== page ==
Changing employment and social security

Migrant workers

Migrant workers from the countryside at Guangzhou train station, Guangdong province
Migrant workers from the countryside at Guangzhou train station, Guangdong province

In recent years more than 250 million Chinese people have left the countryside to find work in the cities. It is anticipated that the number of migrants with continue to rise by about 6 million per year to reach a total of 291 million by 2020. Work in the cities is normally better paid than in the countryside and there are greater opportunities.

Changes to the permit system

In the past, it was illegal for people from the countryside to go and live in the cities without a permit. The permit system linked every citizen to a home district outside of which workers had few rights, eg to welfare benefits, medical care or schooling. Migrant workers living in cities without a permit were often sent home. An employer caught using migrant labour was fined.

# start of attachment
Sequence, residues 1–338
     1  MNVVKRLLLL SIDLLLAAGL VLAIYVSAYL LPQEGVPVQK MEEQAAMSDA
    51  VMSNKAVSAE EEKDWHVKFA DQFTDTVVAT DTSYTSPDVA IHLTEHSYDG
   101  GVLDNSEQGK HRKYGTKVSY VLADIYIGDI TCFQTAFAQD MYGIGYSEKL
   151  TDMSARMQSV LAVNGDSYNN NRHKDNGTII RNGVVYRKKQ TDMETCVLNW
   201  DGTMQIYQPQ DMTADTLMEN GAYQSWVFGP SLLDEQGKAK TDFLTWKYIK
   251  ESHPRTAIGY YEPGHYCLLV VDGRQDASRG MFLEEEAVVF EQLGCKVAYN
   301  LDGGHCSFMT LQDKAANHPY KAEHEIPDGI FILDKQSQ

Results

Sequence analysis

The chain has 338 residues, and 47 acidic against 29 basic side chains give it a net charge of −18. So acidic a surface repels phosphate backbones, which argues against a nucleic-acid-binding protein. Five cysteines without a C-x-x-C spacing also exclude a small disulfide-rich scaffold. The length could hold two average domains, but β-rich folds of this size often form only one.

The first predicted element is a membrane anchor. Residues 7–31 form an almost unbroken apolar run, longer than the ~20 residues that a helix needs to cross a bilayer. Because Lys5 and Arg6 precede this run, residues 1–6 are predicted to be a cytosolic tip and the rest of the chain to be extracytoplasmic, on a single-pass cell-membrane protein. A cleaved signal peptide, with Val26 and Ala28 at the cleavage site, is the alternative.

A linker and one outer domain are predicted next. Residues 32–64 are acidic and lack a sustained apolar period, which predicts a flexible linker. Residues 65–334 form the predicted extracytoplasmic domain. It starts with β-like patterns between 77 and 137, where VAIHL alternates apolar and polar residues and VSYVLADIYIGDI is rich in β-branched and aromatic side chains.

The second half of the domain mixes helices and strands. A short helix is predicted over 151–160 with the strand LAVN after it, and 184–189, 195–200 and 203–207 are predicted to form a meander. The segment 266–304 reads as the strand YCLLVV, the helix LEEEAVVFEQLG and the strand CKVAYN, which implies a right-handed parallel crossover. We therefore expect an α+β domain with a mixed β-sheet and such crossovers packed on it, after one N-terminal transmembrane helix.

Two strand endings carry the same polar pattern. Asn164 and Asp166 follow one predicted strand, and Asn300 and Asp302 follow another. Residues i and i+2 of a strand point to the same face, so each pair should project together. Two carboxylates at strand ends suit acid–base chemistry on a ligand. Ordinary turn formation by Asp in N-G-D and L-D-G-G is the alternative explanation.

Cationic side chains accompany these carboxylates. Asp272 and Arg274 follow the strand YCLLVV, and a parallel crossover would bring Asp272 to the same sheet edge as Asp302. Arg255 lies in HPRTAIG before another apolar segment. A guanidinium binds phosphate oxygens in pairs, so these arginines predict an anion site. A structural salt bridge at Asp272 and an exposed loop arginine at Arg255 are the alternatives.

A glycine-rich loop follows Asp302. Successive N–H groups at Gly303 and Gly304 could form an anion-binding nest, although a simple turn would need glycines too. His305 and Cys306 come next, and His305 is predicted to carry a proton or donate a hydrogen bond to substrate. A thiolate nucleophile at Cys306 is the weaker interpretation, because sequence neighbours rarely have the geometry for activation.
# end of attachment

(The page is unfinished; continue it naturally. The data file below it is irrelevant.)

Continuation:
Since 2005, the authorities have relaxed the permit system in most parts of China. They realised the Chinese economy would benefit from the reduction of labour restrictions. In 2013 it was announced the controversial temporary residence permit system was to be abolished.

A new welfare system

The authorities intend to replace the permit system with a new national social security system so workers will have the right to claim benefits wherever they live.

The reason behind this change is the authorities' growing concerns about the millions of unemployed urban Chinese living on the margins of society. In some cities crime has increased sharply and there is a constant threat of social disorder. It is also recognition that, as many people become wealthier, it is not acceptable to deny the urban poor an income or access to health and education services. At present these must be paid for by the individual.

The cost of a new social security system is huge and funding will be dependent on continued economic growth. However, with sustained increases in social spending (China spends around 7 per cent of GDP on social welfare) there is now a minimum income standard and nearly everyone benefiting from some measure of health insurance.